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Arabian Fight (Arcade) artwork

Arabian Fight (Arcade) review

"When compared to greats such as Streets of Rage 2 or The Punisher, Arabian Fight just doesnít make cut. It tries very hard to push forward new graphical innovation that, to be fair, are rather original for its time but falls completely short by giving us fighting engine so basic that it makes the original Golden Axelook like Forgotten Realms: The Demon Stone. "

When compared to greats such as Streets of Rage 2 or The Punisher, Arabian Fight just doesnít make cut. It tries very hard to push forward new graphical innovation that, to be fair, are rather original for its time but falls completely short by giving us fighting engine so basic that it makes the original Golden Axelook like Forgotten Realms: The Demon Stone.

Arabian Fight is a rather mundane four-player beat-em-up, which takes a page out of the book of that aforementioned rusty old classic. Set in a world that fans of the recent Prince of Persia series could relate to, the evil wizard Sazasbizz has kidnapped the princess Lurana. As you can probably guess already, Arabian Fight isnít exactly the pinnacle of creative thought. Cue in four able heroes and youíve got yourself a cookieócut storyline perfect for any action game!

These four able heroes include Sinbat, a middle ranged fight whose youthful appearance and average strength simply reek of ďmain character.Ē Then we have the token female fighter, Kamaya, who is arguably the fastest of the bunch. Datta, a rather sluggish Hari -Krishna wannabe and Gondor, ďthe beast from the Middle EastĒ make up the final two members of the cast. Itís actually quite surprising how little variance there is between the four fighters. They all have the ability to attack normally and perform a health consuming stronger attack (taking a page out of Final Fightís book.)

Collecting magic lamps that you may find scattered around the place donít give you three wishes, but they do something even more enchanting. Yes, with one of these in your pocket and press of both attack buttons, your character will leap into the foreground, right in your face, and perform a devastating magical attack which will wipe all of the enemies of the screen. You see, Arabian Fightís gimmick is its complete reliability on the use of scaling. This scaling technique looks like the choppy animation that Sega CD FMV games are famous for. It looks exactly like it has been cut from an anime and slapped bang in the middle of the game, except that the animation is horribly jarring. Watching your character torch up the floor with his powers certainly looks incredibly pretty, but watching him move towards it can be rather painful. Imagine someone with an incredibly beautiful voice developing a stutter. Thatís what the scaling of Arabian Fight looks like.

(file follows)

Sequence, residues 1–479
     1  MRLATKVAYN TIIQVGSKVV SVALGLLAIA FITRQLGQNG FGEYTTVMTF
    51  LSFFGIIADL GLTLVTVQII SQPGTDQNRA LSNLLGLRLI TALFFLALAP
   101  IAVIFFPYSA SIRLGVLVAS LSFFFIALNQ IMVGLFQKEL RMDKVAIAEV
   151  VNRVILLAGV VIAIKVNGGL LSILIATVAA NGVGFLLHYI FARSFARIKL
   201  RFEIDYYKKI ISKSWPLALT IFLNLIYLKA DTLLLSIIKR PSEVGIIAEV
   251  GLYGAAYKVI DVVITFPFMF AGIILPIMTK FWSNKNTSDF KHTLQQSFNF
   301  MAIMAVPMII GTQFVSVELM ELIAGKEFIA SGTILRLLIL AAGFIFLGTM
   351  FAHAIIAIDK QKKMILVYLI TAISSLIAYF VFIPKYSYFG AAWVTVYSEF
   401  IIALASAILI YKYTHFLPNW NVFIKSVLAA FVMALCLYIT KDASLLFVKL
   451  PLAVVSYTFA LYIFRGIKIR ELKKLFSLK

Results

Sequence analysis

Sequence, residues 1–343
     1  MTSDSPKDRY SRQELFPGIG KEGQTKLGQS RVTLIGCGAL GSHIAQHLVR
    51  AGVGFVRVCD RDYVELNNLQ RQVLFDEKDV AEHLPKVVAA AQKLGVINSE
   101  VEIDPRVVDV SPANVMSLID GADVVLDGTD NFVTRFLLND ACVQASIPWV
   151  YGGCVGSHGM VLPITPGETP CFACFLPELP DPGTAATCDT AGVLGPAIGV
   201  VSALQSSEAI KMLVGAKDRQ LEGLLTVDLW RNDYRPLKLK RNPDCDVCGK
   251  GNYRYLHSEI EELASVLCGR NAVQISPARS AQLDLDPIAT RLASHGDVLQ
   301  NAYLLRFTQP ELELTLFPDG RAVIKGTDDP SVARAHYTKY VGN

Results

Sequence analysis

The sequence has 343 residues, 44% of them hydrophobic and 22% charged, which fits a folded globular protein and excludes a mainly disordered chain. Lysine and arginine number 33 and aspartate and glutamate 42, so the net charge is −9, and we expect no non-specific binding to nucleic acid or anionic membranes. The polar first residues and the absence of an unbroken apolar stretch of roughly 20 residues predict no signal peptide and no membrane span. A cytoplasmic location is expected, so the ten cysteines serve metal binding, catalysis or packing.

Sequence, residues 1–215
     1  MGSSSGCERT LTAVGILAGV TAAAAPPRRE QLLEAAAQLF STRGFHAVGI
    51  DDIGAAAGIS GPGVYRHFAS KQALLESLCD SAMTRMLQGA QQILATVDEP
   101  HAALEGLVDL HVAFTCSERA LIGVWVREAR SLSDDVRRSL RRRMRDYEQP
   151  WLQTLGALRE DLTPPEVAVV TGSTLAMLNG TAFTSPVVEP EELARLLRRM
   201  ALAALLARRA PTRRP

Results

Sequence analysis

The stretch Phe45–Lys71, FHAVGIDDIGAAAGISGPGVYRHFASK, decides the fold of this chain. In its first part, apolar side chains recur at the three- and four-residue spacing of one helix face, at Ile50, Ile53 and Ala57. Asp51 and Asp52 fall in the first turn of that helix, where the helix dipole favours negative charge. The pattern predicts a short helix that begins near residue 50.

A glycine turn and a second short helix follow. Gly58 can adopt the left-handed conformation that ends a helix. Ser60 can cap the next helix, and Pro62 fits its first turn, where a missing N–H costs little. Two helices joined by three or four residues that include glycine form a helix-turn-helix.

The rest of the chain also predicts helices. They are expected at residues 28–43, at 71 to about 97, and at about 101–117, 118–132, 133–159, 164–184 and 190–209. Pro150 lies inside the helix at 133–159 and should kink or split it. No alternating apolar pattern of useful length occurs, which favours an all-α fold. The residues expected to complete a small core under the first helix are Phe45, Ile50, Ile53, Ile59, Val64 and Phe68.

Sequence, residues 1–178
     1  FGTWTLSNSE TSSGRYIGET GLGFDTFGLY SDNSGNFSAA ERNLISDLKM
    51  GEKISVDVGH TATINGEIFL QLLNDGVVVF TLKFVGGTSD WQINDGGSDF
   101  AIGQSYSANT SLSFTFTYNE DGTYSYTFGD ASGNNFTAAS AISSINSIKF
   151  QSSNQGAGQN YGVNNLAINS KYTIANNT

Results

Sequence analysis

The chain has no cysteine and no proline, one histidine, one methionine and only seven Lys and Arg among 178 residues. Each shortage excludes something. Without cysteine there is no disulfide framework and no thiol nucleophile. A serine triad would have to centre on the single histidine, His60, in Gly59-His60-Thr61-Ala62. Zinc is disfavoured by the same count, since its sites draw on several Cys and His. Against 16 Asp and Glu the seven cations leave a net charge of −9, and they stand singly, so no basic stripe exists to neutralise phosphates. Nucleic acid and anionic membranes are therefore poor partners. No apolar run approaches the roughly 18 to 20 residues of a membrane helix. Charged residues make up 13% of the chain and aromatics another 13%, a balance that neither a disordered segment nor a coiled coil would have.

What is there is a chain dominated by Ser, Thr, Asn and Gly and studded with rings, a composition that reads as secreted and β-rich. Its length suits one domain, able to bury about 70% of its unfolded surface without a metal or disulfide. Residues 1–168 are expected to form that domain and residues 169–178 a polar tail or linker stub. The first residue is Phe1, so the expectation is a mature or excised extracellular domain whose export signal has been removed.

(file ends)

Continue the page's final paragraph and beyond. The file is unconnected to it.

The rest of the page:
Unfortunately, this flawed visual innovation is underappreciated when compared to Arabian Fightís rather poor mechanics. As I stated earlier, the four characters have very little to differentiate from each other, aside from Gondorís cool ability to pick up enemies and have them directly thrown into you. It does little to distance itself from anything more than a standard beat-em-up. You use your basic combo to beat the enemy (who have no health bars) and move on to the next one before the time runs out. If you successfully defeat all of the enemies on the screen, youíll be transported to the next area.

Everything else about Arabian Fight is as interesting as watching paint dry. The enemies, despite being rather varied are all rather bland. The turban wearing soldiers all look the same and they keep on coming back after you like a bad rash. The hunchbacked lizard-men look like incredibly tame versions of Ridley, from the Metroid series and the evil orc-like things look like they want to hug you, not rip your head off. Even the bosses are woefully painful and suffer from the fact that they keep re-appearing in later levels. Despite being rather tricky to defeat, you canít exactly pull off any fantastic moves to make the fight any more interesting than a trade off between punches.

Despite looking like a dream and over-using some extremely interesting scaling, Arabian Fight remains as one of the most brain-numbing beat em ups that I have ever played. With little to distract you from the dull gameplay, youíll soon find that the game is rather bland with nothing more to offer than a prettier version of Golden Axe minus weaponry, nasty dragons to ride and threatening enemies. Thankfully, playing it with a friend can reduce AFís repetitiveness but it canít really escape the fact thatís a wafer thin title that only the truly hardened beat-em-up fan could truly enjoy.

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Community review by goldenvortex (March 08, 2006)

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